Life Satisfaction: Denmark, Georgia & Moldova Compared

By David McArdle & Jesse Tatum

On a roll with the life satisfaction comparisons, we were curious to place Georgia within a broader context. Using the 2006 Life Satisfaction Index (LSI), which uses subjective well-being indicators to measure people’s levels of life satisfaction and happiness, we chose Denmark, ranked the ‘happiest’ country on earth, and Moldova, the post-Soviet state considered the least happy, as the respective benchmarks (see Table 2, an abridged version of the LSI at the end of this post). Then, with data from the 2008 European Values Survey (EVS) we were able to analyze in greater depth any observations which may or may not pertain to greater life satisfaction with regard to the three divergent states.

Firstly, the EVS shows that far more Danes claim to be completely satisfied with life compared with Georgians and Moldovans. The raw numbers themselves are telling: in all, nearly 30 percent of the Danes polled claimed to be completely satisfied with life. Secondly, the EVS data revealed that over twice as many Moldovans than Georgians claimed complete life satisfaction (186 vs. 79; see Table 1). These numbers are fascinating all the more so because Moldova is ranked marginally lower on the LSI than Georgia.

For the large number of Danes completely satisfied with life, factors such as life control, stated happiness, health and national pride seem to play a more determining role compared with those completely satisfied with life in Georgia and in Moldova. The number of those who ranked religion as very important, however, did not rise with increased satisfaction.

Similar to Denmark, those completely satisfied with life in Moldova also indicated that they are more in control of life and happier compared with respondents in Georgia. The importance of religion was, as in Denmark, less acute than in Georgia.

Life Control, aka ‘agency’

It is in ‘happy’ Denmark but also, surprisingly, in ‘unhappy’ Moldova where the respondents completely satisfied in life also more often stated that they have greater control over their lives. In Georgia, however, those who are completely satisfied with life did not answer that they are also in control of it with the same frequency as in the other two countries. Feeling in control of life, then, seems to play less of a role in Georgia in terms of life satisfaction than it does in the world’s happiest country and in the least happy post-Soviet state.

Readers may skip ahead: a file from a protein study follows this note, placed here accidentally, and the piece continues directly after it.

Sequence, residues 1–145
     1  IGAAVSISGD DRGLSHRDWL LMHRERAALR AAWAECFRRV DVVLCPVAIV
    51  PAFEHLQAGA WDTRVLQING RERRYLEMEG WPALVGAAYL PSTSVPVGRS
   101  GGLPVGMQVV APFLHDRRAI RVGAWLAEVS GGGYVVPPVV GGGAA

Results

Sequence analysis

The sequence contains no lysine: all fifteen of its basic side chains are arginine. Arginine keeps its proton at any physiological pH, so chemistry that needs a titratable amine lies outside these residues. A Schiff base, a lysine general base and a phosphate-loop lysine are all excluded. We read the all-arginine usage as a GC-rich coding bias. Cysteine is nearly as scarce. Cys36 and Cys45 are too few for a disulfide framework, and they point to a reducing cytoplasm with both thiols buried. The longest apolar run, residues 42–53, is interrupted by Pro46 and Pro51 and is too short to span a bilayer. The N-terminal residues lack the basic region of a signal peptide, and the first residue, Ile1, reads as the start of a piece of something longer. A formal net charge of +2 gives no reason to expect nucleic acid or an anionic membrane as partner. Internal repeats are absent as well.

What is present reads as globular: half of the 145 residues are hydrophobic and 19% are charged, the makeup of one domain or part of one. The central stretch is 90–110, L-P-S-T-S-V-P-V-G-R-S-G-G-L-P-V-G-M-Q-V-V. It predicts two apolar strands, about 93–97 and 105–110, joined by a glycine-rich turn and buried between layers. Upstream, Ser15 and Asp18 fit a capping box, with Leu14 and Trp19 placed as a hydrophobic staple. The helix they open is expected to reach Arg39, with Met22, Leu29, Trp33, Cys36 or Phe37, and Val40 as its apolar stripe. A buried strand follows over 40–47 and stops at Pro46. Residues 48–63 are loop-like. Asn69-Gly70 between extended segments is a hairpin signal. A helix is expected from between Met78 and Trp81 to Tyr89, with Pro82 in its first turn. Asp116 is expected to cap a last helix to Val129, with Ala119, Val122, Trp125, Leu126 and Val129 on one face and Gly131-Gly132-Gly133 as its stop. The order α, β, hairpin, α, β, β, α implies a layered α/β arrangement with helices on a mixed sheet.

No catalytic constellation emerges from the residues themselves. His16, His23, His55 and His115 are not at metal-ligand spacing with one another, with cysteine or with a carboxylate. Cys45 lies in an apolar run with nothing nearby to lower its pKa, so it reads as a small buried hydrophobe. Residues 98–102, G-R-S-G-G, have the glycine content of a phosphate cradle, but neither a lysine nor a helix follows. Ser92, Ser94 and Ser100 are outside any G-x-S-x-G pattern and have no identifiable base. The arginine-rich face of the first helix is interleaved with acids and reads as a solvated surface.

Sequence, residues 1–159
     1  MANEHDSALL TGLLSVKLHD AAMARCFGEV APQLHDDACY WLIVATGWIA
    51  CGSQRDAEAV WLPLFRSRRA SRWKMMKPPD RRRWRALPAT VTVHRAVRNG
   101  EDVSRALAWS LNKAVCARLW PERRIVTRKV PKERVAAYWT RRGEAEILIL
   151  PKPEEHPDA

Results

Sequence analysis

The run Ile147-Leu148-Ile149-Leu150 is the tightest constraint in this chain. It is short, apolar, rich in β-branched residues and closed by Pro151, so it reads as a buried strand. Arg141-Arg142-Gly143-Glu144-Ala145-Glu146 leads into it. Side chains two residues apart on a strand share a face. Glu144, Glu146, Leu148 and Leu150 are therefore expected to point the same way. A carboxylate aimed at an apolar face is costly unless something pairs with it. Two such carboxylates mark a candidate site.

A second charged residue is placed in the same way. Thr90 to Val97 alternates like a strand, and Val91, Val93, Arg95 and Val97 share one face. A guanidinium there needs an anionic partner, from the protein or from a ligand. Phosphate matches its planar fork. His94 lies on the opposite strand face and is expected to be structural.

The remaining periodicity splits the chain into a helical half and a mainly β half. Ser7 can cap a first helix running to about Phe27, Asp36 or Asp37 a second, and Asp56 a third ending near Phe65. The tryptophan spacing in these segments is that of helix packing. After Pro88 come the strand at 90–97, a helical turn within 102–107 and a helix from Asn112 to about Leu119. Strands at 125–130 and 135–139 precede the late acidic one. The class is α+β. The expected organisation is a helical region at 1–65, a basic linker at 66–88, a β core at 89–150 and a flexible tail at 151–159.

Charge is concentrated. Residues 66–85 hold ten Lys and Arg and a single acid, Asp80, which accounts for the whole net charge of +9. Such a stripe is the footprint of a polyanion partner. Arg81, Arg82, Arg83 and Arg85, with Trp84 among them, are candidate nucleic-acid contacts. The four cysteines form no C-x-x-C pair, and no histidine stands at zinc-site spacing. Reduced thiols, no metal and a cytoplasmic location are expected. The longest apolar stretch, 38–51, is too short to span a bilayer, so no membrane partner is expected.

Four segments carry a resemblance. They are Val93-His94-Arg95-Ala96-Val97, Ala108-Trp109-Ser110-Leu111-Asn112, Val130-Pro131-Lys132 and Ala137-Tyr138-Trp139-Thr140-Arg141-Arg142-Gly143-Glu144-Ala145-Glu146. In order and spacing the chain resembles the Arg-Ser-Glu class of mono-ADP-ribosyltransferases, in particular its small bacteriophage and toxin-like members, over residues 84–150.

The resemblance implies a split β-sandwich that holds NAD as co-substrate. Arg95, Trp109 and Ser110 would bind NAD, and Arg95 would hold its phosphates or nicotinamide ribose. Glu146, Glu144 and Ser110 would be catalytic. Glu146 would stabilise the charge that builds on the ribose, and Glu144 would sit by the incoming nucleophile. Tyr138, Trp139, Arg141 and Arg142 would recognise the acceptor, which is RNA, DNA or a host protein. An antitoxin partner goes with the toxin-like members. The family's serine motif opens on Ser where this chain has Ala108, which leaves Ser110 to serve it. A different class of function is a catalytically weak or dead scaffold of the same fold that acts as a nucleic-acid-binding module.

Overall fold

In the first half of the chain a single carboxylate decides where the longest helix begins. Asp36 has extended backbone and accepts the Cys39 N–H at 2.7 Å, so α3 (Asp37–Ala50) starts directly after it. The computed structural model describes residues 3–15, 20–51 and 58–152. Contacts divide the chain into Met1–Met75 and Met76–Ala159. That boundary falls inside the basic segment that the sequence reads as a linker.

In Denmark a clear majority of 72 percent of those fully satisfied with life chose marks 8–10 on the scale where ‘10’ equals complete control over one’s life. In fact, in further confirming the recent label of ‘world’s happiest’, only 25 of all the Danes polled said they were completely dissatisfied with life.

With Moldova the case for greater life control and greater life satisfaction commingling is almost as clear as in Denmark. Though far fewer people overall indicated total life satisfaction, fully 62 percent of the satisfied respondents said that they also had a great degree of control over their life. At least in Denmark and Moldova, perhaps being in control of life may help to steer one’s perceptions of life satisfaction in a positive direction.

Compared with both Denmark and Moldova, life control appears to be less of a factor in leading Georgians to higher levels of assessed life satisfaction. For example, nearly the same percentage of the respondents fully satisfied with life and those completely dissatisfied with life said they have a great deal of control over their life (38 percent vs. 36 percent).


As was duly noted in the previous blogs, the South Caucasus respondents’ answers on life satisfaction and on subjective happiness generally are not parallel. People say that they can be happy without being satisfied in life, and vice versa. But the EVS figures on Denmark appear to buck this trend, as satisfied Danes are also happy Danes. In all, 75 percent of those completely satisfied with life also asserted to be ‘very happy’.

In Moldova, too, people completely satisfied with life also answered that they were ‘very’ or ‘quite happy’ (28 percent and 63 percent, respectively). In fact, the answer patterns of Moldovans satisfied in life rose accordingly with levels of greater happiness, revealing that perhaps the two do complement each other in the country, in contrast with Georgia. In addition, this shows that although Danes are said to be happier than Moldovans in general, the responses follow a similar pattern: completely satisfied respondents in both countries also say that they have greater life control and are happier, compared with Georgia.